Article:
Most Recent Articles In People
Latest People Articles
- Indursky Departs Bliss World
- Triple Crown Winning Jockey Victor Espinoza Ready to Race in Saturday’s Kentucky Derby
- Honest Co., Glamsquad, One Kings Lane Founders Talk Female Entrepreneurship
More Articles By
SAN FRANCISCO — Ann Getty launched her new 50-piece Ann Getty House furniture collection last week with a cocktail party at the San Francisco Design Center — and has the scrapes and bruises to prove it.
“Ann was working here until midnight last night sewing cushions and arranging her furniture,” noted Jo Schuman Silver, as a crush of designers and friends wended their way among Getty’s gilded Chinese Chippendale chairs.
This story first appeared in the July 24, 2003 issue of WWD. Subscribe Today.
“Just look at my bloody fingers,” laughed Getty. “There was a little stitching to be done.”
Getty proved herself not only handy with a needle, but served as a knowledgeable historian while guests examined the Anglo-Dutch Queen Anne chairs, gilt Louis XV side chairs and water-gilded Georgian side chairs in her collection, which has to-the-trade prices that range from $2,000 to $20,000 and is sold through the Shears & Window showroom here.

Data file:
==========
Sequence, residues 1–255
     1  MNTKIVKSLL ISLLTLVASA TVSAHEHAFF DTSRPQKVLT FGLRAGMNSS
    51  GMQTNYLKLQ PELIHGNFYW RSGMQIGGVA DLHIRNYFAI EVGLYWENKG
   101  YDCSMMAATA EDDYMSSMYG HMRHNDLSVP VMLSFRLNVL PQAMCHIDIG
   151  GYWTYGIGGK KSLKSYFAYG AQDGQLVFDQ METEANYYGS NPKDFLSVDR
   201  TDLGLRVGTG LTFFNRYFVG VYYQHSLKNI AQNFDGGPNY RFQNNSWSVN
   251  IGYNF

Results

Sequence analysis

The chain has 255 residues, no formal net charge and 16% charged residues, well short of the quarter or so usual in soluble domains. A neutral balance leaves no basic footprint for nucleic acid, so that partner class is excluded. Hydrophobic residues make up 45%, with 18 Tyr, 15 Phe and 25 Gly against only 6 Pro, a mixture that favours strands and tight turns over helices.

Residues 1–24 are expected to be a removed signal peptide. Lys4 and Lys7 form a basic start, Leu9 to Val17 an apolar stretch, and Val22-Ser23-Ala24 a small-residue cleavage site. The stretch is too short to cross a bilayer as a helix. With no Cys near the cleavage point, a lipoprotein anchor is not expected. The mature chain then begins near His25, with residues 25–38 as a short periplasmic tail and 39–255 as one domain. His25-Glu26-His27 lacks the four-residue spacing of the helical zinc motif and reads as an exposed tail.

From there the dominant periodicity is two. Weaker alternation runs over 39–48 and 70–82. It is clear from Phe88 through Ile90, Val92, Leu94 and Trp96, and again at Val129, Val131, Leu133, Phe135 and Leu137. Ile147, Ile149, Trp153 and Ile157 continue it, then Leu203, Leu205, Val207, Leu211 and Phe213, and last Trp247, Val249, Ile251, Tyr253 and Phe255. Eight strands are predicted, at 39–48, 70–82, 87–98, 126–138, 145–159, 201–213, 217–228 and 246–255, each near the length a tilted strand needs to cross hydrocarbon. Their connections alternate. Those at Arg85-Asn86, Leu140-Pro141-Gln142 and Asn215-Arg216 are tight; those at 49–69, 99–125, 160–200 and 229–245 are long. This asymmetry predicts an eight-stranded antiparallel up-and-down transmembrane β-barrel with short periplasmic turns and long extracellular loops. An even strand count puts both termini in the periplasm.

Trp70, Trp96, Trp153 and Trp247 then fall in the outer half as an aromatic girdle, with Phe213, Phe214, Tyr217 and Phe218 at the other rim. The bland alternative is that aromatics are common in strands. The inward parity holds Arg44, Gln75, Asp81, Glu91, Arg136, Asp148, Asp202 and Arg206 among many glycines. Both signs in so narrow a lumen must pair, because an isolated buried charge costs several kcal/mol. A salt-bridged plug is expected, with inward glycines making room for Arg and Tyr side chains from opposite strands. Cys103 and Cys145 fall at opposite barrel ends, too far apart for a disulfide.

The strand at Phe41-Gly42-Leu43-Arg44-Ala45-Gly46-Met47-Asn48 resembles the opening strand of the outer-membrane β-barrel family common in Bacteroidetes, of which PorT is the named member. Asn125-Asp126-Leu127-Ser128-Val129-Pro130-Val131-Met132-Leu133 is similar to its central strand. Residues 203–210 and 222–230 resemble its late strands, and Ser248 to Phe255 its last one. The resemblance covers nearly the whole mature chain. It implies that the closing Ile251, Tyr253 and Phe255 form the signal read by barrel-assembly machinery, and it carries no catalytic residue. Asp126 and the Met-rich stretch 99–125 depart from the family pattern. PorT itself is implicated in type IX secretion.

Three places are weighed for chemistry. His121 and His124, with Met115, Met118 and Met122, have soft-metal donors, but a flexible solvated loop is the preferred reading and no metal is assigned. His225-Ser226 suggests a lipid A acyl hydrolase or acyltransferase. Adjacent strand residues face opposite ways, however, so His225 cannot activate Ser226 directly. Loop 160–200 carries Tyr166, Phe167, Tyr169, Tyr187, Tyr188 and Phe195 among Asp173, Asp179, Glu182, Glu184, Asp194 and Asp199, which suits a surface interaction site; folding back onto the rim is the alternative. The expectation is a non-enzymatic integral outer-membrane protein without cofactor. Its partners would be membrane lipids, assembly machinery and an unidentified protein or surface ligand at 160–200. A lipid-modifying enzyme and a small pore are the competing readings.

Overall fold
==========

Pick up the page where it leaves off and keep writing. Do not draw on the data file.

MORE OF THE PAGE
On display in the showroom, which duplicates the flavor of the Gettys’ lavish San Francisco home, were museum-worthy Getty family originals (a ravishing tortoiseshell bookcase, gilt mirrors) as well as replicas of her favorite English antiques, crafted in California, Italy, China and India.
“I like the heft and the eccentricity and the comfort of those pieces,” she said. “I admire the 18th and 19th-century craftsmanship of those noble English designs and I love their gutsy shapes and silhouettes.”
Interior designer Michael Smith was seriously considering acquiring a pair of Getty’s Badminton House George II gilt armchair replicas.
“They would look great in my new bedroom,” mused Smith. “They have character. And the provenance is terrific.”
For Getty, origin is important, but so is price. “I’m developing pieces — chairs, tables, upholstered furniture — that have an interesting provenance but which are less expensive,” she said. “I want young people to be able to buy them.”
Indeed, Getty’s next project will benefit very young people — she’s working on a collection of antique-inspired children’s furniture.